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THE FOREIGN SERVICE JOURNAL

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JUNE 2017

31

a specific task or carry out a clearly defined role or mission,

whereas education broadens knowledge and thinking. While I

was there, the NDU provost often said: “We don’t teach people

what to think; we teach them how to think.” NDU prides itself

on producing strategic thinkers: a few of its well-known gradu-

ates include former Chair-

man of the Joint Chiefs

of Staff and Secretary of

State Colin Powell, former

National Security Advisor

Brent Scowcroft and Mar-

tin Dempsey, who retired

as chairman of the Joint

Chiefs of Staff in 2016.

State’s presence at each

of NDU’s five colleges

is significant. On average, the State Department sends 20-25

officers to the National War College and an equal number to

the Eisenhower School (formerly the Industrial College of the

Armed Forces) each year. A much smaller number (2-3) go to the

College of International Security Affairs, which focuses on coun-

terterrorism, and to the Joint Forces Staff College in Norfolk,

Virginia. In addition to students, State has faculty slots in each

school and holds the number-two leadership position at the

University, the National War College, the Eisenhower School and

CISA. Altogether, the State contingent at NDU easily numbers

60-70 per year.

Making the Most of the Investment

State personnel benefit tremendously from this experience.

Classroom discussions offer an opportunity to explore issues

(e.g., how to diminish the influence of the Islamic State group)

from a new perspective and to hear what others—especially

military officers—think about these challenges. Personal interac-

tions outside of class provide an opportunity to get to know

people our officers might otherwise never come across and to

build relationships that often prove to be invaluable later down

the line. (If you are interested in bidding on a year at NDU, look

for 17 State 41364, Long-Term Training Opportunities, which

gives details on how to apply.)

There are countless stories of FSOs who graduated fromNDU—

whether from the National War College, the Eisenhower School or

another component—and encountered a classmate five to 10 years

later in an interagency setting. In almost every case, their shared

experience as NDU students facilitated discussion andmade it

easier to resolve issues. We can only guess at howmany disagree-

ments between State and DOD never reached a crisis level because

the people involved understood each other’s cultures and were

able to work out their differences.

A year at NDU represents a substantial investment by the State

Department in officers expected to go on to leadership roles. So

it is almost astounding that

we do not make a concerted

effort to reap the benefits of

this investment by ensur-

ing that the knowledge and

experience our students

acquire is utilized in a delib-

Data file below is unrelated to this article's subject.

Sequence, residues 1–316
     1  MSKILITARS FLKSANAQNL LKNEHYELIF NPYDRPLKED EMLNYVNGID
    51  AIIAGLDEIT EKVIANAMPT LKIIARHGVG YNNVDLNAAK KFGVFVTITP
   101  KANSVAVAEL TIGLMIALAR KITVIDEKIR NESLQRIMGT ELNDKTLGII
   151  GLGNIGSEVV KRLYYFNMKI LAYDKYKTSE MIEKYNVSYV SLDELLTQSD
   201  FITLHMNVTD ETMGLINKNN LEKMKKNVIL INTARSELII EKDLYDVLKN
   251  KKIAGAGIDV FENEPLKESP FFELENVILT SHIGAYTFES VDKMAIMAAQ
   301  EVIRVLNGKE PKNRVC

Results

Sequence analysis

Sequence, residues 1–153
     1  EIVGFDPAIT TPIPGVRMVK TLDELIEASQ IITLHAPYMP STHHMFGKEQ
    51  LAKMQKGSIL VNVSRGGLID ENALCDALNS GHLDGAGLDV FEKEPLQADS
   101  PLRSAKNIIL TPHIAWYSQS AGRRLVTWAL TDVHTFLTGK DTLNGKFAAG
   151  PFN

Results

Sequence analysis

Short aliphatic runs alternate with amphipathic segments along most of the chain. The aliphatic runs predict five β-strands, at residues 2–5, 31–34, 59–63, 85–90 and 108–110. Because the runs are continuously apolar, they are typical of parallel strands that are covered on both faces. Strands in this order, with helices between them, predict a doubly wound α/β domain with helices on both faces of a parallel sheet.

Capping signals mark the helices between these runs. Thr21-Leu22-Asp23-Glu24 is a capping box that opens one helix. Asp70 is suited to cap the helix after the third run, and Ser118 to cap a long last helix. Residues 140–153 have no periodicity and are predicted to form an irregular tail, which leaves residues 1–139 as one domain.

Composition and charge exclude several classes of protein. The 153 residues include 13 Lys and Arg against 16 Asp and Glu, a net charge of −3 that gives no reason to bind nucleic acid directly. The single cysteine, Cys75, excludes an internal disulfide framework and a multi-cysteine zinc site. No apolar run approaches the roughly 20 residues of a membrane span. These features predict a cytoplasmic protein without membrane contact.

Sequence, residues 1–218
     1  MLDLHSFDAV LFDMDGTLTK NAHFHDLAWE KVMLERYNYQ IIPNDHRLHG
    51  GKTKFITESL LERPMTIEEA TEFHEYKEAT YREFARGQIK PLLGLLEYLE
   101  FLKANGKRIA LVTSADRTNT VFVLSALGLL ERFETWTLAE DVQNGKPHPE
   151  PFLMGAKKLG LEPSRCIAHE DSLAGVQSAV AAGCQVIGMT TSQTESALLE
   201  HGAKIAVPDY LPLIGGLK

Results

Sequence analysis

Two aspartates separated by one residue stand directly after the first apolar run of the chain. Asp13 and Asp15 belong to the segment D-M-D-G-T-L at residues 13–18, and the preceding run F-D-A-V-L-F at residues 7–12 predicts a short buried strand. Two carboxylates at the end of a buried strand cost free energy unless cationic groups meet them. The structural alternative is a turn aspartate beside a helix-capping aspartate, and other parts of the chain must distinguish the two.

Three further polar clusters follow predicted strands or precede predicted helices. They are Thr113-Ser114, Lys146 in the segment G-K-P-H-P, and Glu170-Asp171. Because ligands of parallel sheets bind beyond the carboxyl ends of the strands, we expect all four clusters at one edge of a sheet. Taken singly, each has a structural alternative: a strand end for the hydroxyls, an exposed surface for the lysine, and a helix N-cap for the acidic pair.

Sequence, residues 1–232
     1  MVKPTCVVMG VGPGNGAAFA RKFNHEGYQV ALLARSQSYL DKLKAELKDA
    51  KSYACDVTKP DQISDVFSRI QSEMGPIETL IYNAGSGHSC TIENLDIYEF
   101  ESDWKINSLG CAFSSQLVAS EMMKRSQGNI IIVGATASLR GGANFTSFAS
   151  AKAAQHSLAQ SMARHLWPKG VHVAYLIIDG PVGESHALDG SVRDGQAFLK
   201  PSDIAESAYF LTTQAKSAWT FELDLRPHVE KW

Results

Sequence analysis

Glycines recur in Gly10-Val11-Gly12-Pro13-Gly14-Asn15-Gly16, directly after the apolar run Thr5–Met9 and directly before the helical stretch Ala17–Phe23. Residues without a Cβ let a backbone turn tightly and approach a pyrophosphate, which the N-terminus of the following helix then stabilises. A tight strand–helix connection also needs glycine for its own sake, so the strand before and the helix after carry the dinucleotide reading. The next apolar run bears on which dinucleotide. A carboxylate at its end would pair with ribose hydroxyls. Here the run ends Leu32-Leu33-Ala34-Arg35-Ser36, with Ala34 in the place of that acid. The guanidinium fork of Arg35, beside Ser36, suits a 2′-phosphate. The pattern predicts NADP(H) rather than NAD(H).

erate manner. Long overdue

improvements to the

selection process for senior

training have been made

recently, but more could be done. One idea involves setting aside

a small number of slots, perhaps two per year, for officers willing

to commit to focus on political-military issues or take an impor-

tant assignment as a foreign policy adviser (known as a POLAD)

to a military service chief or commander.

I met with State FSO students every year while at NDU

and found them frustrated that our personnel system seemed

incapable of finding a way to recognize the added value they

bring out of the assignment. Linked assignments are probably a

bridge too far, but steps forward could include equating a year

at institutions like NDU to interagency experience and requiring

the deputy chief of mission and principal officer selection com-

mittee to give candidates with this experience higher consider-

ation for posts with a large U.S. military presence. Over time, this

might encourage new norms, such as an expectation that service

school graduates will be more competitive for positions that

have a significant political-military component.

Creative thinking and a more strategic approach to how

we fill certain assignments could put us on a stronger footing

in terms of the relationship with DOD. This would absolutely

require a commitment from the seventh floor, and not just from

the Director General’s office. It might be difficult and controver-

sial, but conscious change is needed if we are to make the most

of opportunities that already exist.

What We Can Teach the Military

Another factor that we pay insufficient attention to is the

degree to which we can positively influence our military col-

leagues' perceptions of the State Department and the Foreign

Service. While it is critical to have individual FSOs benefit from

Creative thinking and a more

strategic approach to how we fill

certain assignments could put

us on a stronger footing in terms

of the relationship with DOD.